Blackwater looks forward to working with Congress and the executive branch to ensure that any necessary improvements to these laws and policies are implemented.
JUDY WOODRUFF: Prince added that no one under Blackwater protection in Iraq had ever been killed or injured. But 27 Blackwater employees have been killed, and hundreds more have been injured there. He said Blackwater guards fired their weapons just 56 times this year in more than 1,800 missions.
ERIK PRINCE: We don’t even record all the times that our guys receive fire. The vehicles get shot at on a daily basis multiple times a day. So that’s not something we even record.
In this case, if an incident is a defensive measure, you’re responding to an IED attack followed by small-arms fire, most of the attacks we get in Iraq are complex, meaning it’s not just one bad thing, it’s a host of bad things, car bomb followed by small-arms attack, RPGs followed by sniper fire.
An incident occurs typically when our men fear for their life, they’re not able to extract themselves from the situation, they have to use sufficient defensive fire to get off the X, to get off that place where the bad guys have tried to kill Americans that day.
JUDY WOODRUFF: On Christmas Eve 2006, a drunken Blackwater employee allegedly killed a security guard for the Iraqi vice president. That was the subject of questioning by New York Democrat Carolyn Maloney.
REP. CAROLYN MALONEY (D), New York: Other than firing him, has there been any sanction against him by any government authority? You mentioned you fined people for bad behavior. Was he fined for killing the Iraqi guard?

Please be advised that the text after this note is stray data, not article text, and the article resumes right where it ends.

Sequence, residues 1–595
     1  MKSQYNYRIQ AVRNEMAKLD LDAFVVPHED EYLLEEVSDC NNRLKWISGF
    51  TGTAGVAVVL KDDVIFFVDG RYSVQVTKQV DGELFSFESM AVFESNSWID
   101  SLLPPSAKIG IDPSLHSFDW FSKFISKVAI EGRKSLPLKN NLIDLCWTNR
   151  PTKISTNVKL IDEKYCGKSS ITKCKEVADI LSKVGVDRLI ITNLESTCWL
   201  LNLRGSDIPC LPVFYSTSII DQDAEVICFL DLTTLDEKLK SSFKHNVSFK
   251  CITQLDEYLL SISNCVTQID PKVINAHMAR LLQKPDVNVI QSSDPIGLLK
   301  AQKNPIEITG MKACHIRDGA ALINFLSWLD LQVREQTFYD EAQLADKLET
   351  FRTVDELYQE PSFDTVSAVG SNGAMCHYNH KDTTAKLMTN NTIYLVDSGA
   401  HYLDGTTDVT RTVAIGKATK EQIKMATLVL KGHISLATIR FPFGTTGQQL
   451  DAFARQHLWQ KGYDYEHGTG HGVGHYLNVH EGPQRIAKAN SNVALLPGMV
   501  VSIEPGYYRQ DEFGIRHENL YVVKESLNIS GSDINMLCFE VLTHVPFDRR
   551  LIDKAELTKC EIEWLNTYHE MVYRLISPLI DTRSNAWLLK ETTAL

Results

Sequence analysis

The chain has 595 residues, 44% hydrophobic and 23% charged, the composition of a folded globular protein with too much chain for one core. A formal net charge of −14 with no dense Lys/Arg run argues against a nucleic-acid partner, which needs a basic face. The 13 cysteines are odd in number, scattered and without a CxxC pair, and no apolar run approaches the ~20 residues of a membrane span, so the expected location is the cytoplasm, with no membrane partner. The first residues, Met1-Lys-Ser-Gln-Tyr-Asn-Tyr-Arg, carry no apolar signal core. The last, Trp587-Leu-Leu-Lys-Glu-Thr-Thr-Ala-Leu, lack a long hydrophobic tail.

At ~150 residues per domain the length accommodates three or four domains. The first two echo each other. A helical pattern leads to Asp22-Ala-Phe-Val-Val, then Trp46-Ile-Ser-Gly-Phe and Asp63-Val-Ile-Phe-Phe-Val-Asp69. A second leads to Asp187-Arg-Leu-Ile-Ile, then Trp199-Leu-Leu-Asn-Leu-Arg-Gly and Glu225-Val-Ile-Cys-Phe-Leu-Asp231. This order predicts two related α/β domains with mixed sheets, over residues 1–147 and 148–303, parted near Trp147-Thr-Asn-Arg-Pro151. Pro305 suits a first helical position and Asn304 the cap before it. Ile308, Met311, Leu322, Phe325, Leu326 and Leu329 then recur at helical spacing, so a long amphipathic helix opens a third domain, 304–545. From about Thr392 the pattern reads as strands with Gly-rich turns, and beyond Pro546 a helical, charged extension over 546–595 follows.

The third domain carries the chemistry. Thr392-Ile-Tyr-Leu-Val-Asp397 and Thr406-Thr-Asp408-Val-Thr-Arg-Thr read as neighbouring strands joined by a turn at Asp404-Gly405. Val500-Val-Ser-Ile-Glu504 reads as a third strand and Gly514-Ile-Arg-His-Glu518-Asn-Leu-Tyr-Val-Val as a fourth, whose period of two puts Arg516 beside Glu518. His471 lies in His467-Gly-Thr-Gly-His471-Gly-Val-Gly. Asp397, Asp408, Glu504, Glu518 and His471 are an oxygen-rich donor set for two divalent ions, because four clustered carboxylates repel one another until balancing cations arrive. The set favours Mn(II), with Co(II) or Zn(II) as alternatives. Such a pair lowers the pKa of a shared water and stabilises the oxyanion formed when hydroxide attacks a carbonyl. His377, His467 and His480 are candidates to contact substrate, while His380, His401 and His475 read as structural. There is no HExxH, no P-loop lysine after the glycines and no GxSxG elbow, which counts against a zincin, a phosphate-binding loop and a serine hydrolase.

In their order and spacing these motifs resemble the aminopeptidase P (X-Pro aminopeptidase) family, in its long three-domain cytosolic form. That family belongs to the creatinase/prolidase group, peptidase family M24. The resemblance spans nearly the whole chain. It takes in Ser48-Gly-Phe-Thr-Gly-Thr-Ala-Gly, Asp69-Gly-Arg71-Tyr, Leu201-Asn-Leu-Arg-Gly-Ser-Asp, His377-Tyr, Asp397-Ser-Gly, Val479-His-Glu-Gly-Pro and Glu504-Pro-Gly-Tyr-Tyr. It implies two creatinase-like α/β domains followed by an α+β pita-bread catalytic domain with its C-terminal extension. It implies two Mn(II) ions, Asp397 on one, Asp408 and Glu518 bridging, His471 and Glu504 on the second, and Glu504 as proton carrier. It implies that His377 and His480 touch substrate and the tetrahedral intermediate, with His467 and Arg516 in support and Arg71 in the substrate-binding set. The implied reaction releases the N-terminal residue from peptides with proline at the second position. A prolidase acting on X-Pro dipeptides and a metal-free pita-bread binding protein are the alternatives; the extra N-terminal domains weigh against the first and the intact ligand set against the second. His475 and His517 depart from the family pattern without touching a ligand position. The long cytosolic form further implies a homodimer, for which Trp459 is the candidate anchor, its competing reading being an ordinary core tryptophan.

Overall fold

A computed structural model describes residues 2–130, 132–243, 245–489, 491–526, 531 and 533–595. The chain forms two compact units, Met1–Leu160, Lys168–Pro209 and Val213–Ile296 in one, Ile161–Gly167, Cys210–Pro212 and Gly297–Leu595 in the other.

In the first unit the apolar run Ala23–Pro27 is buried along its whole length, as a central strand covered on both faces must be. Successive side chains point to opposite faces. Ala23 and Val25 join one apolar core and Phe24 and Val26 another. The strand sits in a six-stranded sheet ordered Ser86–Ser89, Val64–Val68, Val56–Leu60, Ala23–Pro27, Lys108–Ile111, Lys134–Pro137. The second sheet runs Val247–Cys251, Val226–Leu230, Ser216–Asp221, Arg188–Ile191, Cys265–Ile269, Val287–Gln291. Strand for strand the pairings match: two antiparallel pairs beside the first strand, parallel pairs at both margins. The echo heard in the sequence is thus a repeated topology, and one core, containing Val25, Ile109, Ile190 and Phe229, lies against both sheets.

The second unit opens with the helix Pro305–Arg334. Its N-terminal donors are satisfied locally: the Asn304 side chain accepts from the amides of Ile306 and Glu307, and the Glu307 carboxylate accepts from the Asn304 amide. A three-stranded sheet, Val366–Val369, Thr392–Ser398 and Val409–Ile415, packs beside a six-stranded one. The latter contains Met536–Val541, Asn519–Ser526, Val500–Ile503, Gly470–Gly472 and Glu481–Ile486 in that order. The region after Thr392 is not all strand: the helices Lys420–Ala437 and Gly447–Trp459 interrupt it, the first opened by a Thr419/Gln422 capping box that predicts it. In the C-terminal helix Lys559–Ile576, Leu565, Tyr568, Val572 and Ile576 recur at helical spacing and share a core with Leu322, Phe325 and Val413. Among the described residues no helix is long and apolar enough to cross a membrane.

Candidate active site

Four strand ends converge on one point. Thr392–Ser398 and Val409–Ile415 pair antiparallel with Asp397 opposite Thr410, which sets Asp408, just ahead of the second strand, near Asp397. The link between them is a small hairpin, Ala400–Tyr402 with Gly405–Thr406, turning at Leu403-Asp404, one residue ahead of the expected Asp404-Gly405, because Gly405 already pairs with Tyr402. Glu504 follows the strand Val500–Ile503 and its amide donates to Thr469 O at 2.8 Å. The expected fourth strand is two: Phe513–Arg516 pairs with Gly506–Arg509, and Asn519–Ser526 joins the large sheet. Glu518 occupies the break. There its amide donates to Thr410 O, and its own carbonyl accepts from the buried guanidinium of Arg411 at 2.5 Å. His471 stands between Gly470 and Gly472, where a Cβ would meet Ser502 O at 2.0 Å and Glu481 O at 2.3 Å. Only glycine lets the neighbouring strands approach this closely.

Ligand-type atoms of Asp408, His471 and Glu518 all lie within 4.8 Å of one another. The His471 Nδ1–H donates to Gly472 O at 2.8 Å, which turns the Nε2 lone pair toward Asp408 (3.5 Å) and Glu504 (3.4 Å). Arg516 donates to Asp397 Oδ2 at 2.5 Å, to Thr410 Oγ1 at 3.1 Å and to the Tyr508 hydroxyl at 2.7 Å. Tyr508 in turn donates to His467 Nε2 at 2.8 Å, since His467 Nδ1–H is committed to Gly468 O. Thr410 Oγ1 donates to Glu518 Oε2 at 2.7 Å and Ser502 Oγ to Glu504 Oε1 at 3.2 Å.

ERIK PRINCE: Yes, he was.
REP. CAROLYN MALONEY: How much was he fined?
ERIK PRINCE: Multiple thousands of dollars. I don’t know the exact number. I’ll have to get you that answer.
REP. CAROLYN MALONEY: OK.
ERIK PRINCE: Look, I’m not going to make any apologies for what he did. He clearly violated our policies.
REP. CAROLYN MALONEY: Every American believes he violated policies. If he lived in America, he would have been arrested, and he would be facing criminal charges. If he was a member of our military, he would be under a court-martial. But it appears to me that Blackwater has special rules.
JUDY WOODRUFF: Maryland’s Elijah Cummings followed up.
REP. ELIJAH CUMMINGS (D), Maryland: It’s a question of, when things go wrong, where is the accountability?
ERIK PRINCE: And, sir, we fired him, we fined him, but we as a private organization can’t do any more. We can’t flog him, we can’t incarcerate him. That’s up to the Justice Department. We are not empowered to enforce U.S. law.
REP. ELIJAH CUMMINGS: Do you think more should be done?
ERIK PRINCE: I’d be happy to see further investigation and prosecution by the Justice Department, yes, sir.
JUDY WOODRUFF: Blackwater found some support on the committee. Connecticut Republican Christopher Shays.
REP. CHRISTOPHER SHAYS (R), Connecticut: I am in awe of what your men and women — and they’ve been mostly men — have done to protect our civilians. I am in absolutely in awe of it.
JUDY WOODRUFF: Blackwater charges the government $1,222 per day per contractor for its services. Florida Republican John Mica asked about the cost.
REP. JOHN MICA (R), Florida: There’s also some argument that you cost the government too much and that you’re getting paid too much and that maybe this is something that the military should be doing. Could you respond to that?
ERIK PRINCE: I greatly encourage Congress to do some true activity-based cost studies. What do some of these basic government functions really cost? Because I don’t believe it’s as simple as saying, “Well, this sergeant costs us this much,” because that sergeant doesn’t show up there naked and untrained. There’s a whole bunch of other costs that go into it.